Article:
It’s tough to be mindful of the feedback we give and receive. We’re humans, and humans are fallible – even mild feedback can seem harsh if it’s perceived to come from a place of hostility, or if we feel like we’re somehow threatened by the person giving it. However, feedback is inevitable, so it’s our duty as compassionate human beings to make sure that it’s taken and received as best as possible.
Imagine you’re standing at the top of a snowy hill holding a snowball, looking down at a person who you’ll inevitably hit with it. You have two options: either throw the snowball right away, or let it roll down the hill and take time to reach its target. You don’t want to throw the snowball right away – you’re going to hurt the other person! It’s so much easier to let it slowly roll down to its target. But – that’s actually going to hurt even more when it hits! As the snowball rolls and more time passes, it’s going to grow until it’s overwhelming… and then, wham!
That’s just like feedback we hold on to for longer than necessary. The small criticisms we’re afraid to say grow when an issue is repeated and compounded. So – just throw the damn snowball! It’ll hurt much less and be more manageable.
Keeping relationships positive
It can be scary to give small criticisms if you’re worried about keeping a relationship healthy. Fortunately, there’s a simple solution. Positivity psychologist Daniel Goleman describes the ideal ratio of positive feedback to negative feedback as 3:1 in a business setting. What that means is that relationships will continue to be positive if you give 3 pieces of positive feedback per each criticism.
Leading meetings can be tough if you have a group of analytical minds around the table. People who like to process what they hear thoroughly can sometimes refrain from speaking until they’re totally ready. This can lead to a meeting dominated by a few vocal team members, which can dissuade others from adding their valuable input. This can be a problem when you need your whole team creatively thinking around solutions.
Leading Meetings with Purpose
Approaching every part of a meeting analytically and with purpose is the way to set everyone’s mindset in the right place. Here are 3 quick principles for getting everyone constructively involved:
- Provide a ‘why’ whenever possible
- Frequently ask what people think
- Request specific people to answer a question, as opposed to the group
These 3 simple tips will ensure that everyone gets a chance to understand and participate. Providing a ‘why’ ensures that everyone is cognizant of the task at hand and is willing to participate. Frequently asking what the group thinks keeps everyone on track. Finally, asking specific people to answer questions keeps the group on their toes. One trick that’s worked for me is providing around 30 seconds of thinking time before an answer to a tough question!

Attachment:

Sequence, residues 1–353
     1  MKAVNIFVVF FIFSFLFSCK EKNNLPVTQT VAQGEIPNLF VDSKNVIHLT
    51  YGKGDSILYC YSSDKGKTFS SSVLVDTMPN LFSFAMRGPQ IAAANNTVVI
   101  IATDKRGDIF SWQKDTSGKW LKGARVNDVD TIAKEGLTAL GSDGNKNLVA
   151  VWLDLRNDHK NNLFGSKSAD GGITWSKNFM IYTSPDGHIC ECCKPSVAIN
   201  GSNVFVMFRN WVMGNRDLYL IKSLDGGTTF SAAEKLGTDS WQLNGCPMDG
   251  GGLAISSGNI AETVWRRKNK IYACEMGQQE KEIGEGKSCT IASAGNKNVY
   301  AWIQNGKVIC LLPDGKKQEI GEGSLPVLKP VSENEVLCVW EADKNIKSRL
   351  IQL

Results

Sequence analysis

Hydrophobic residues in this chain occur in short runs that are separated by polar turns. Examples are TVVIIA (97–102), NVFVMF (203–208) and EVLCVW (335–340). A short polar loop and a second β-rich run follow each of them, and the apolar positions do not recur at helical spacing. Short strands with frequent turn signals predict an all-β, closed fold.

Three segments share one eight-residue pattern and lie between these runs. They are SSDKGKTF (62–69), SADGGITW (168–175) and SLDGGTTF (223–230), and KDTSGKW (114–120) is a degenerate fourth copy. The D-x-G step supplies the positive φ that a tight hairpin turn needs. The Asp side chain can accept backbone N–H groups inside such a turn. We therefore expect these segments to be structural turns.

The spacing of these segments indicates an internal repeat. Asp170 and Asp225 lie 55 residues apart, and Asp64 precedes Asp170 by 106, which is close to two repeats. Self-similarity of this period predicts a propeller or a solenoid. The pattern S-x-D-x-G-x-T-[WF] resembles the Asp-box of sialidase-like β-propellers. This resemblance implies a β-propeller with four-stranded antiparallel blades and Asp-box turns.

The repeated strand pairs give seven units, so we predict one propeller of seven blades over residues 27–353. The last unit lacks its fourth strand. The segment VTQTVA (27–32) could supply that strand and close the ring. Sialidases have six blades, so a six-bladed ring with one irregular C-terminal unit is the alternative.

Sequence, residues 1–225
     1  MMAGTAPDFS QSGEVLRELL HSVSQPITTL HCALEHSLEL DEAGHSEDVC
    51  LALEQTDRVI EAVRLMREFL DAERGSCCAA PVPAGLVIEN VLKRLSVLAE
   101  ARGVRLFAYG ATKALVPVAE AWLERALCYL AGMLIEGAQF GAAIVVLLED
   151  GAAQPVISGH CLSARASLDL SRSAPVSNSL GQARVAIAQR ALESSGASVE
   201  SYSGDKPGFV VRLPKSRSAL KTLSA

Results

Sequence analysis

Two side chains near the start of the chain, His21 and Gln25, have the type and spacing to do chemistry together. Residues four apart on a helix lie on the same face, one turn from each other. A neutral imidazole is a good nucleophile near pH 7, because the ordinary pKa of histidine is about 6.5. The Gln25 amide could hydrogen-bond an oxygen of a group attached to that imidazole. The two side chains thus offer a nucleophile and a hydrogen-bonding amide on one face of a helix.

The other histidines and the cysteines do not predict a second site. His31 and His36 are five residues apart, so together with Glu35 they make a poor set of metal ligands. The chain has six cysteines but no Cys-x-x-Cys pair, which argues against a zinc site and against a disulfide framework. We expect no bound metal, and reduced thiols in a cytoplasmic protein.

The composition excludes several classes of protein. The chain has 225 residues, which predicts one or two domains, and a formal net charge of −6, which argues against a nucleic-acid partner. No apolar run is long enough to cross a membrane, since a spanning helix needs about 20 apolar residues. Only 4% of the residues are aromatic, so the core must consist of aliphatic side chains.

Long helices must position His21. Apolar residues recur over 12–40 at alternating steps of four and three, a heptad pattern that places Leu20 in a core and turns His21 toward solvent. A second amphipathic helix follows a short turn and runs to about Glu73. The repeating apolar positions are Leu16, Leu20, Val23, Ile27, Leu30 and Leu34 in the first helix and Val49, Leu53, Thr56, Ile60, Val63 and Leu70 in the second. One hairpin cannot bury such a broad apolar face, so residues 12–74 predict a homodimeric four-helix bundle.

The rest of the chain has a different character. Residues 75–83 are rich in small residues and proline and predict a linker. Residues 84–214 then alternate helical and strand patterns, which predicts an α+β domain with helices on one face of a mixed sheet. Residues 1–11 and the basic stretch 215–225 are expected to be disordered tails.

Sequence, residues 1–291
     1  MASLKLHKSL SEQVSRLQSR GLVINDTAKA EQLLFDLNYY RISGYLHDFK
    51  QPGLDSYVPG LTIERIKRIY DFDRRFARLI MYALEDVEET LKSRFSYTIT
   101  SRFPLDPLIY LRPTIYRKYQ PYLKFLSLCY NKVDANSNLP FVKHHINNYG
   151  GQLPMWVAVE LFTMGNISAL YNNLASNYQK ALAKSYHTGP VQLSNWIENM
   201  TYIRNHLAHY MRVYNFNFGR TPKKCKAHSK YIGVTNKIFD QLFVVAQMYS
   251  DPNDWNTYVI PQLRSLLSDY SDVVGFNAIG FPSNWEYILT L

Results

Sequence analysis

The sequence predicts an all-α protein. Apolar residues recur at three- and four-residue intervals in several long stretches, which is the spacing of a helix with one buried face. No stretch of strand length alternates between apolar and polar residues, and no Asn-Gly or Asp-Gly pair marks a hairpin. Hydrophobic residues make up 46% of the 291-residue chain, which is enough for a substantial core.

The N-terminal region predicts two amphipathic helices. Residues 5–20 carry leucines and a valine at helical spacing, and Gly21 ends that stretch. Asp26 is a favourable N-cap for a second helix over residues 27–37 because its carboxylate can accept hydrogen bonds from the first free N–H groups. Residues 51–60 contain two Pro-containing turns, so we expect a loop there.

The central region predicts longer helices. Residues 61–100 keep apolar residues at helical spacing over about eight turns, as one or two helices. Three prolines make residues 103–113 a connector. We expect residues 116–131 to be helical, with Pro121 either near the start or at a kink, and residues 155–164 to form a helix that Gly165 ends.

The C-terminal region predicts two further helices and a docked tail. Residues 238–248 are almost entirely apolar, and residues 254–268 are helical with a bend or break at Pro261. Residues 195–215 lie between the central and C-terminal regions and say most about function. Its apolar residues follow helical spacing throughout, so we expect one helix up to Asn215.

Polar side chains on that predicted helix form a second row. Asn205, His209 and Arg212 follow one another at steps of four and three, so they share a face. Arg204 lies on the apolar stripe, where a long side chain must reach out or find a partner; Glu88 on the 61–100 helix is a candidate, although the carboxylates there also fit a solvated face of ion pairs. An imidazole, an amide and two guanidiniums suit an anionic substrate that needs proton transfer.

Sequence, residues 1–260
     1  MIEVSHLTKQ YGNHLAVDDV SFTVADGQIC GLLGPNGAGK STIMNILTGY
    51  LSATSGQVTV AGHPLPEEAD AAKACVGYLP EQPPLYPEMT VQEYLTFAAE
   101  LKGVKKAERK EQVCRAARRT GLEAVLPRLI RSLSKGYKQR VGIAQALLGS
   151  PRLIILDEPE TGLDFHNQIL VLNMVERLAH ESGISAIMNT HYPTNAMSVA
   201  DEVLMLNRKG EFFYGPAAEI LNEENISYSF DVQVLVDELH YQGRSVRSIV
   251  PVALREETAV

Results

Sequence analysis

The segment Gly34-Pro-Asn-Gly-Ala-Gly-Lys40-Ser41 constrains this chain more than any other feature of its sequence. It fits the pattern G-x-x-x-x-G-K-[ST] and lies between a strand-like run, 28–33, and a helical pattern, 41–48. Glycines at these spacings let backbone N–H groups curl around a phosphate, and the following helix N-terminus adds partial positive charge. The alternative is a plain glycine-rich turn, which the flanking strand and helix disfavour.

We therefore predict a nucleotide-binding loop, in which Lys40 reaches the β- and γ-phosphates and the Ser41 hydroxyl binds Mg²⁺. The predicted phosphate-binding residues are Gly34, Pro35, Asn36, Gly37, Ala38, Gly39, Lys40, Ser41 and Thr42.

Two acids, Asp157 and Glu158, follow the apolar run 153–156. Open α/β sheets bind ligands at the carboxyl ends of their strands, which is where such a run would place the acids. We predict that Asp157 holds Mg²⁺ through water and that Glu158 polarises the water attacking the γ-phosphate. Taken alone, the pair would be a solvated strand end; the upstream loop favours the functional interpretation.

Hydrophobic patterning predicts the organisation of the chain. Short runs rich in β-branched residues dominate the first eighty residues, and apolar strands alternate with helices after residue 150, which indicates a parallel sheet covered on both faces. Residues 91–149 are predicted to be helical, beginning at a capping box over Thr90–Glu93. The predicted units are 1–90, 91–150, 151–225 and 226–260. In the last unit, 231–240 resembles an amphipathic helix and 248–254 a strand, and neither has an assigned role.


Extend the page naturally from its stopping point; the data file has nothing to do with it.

These tips were my first steps to running happier, better meetings, and I hope they work for you as well.
The story of the CEO of my current venture and I meeting seems almost unbelievable in retrospect.
Kaela, the CEO in question, is an Australian who’s been living in Toronto running in-school experiences for the last ~10 years. She decided to ask a freelance website developer she had working for her, Zeshan, if she knew any young technologists who needed a job. Zeshan is an aspiring developer from India who did schooling in Nigeria before coming to Toronto. Also, as it turned out, he was doing front-end development for Voovo, my startup – just as we were starting to fold. The coincidences that lead to me meeting the CEO of that were overwhelming as well.
The serendipity is undeniable!
There are so many little things that make life as magical as it is.
I’m currently working on a product called X Life, a daily self-regulation and key life skill tool for school communities. It’s my third serious foray into the worlds of startups and education.
My introduction to the company was unnaturally serendipitous, and the job feels like a culmination of everything I’ve learned over the years – startups, technology and working with children.
When I began studying computer science, I stopped working as a swim instructor/lifeguard at camps and began hanging around the Digital Media Zone, a startup incubator in Toronto, Canada. There, I programmed, learned about business and met a ton of great people. After working on an app called Thumble (think Instagram meets Reddit), I co-founded a business called Materialyze with four masters students.
We began as a marketplace for 3D-printable models, and realized we needed a big change when A) we got a cease and desist over the name, and B) we realized that no one really had a 3D printer.
Well, we weren’t going to give up – all of us cared about bringing 3D printing to the masses. So we pivoted and became Voovo, a reverse-auction of sorts that connected people with 3D printers with people who wanted prints done.
We had a good run, and went on for about a year before it was time to move on to other things. That’s just the reality with businesses, isn’t it?
Hi, I’m Dan Max – a professional entrepreneur and developer based in Toronto, Canada. My work is based around using technology to easily bring mindfulness and other life skills into school communities. I decided to begin blogging in order to share good tidbits I learn, and maybe find a focus for my voice.
A friend I coach in life-related-things recently mentioned that I have a knack for giving off energy, and I decided to try my hand at sharing what I find works to create discussion around what makes us happy.
It might take a while to find my voice – there are plenty of programmers and entrepreneurs blogging about that kind of work – so I’m going to shoot for something different. I’ve boiled down the things I enjoy to 4 Es which I hope to share with you over the course of this little experiment:
I’ll go into more detail on those later, but for now – here goes nothing!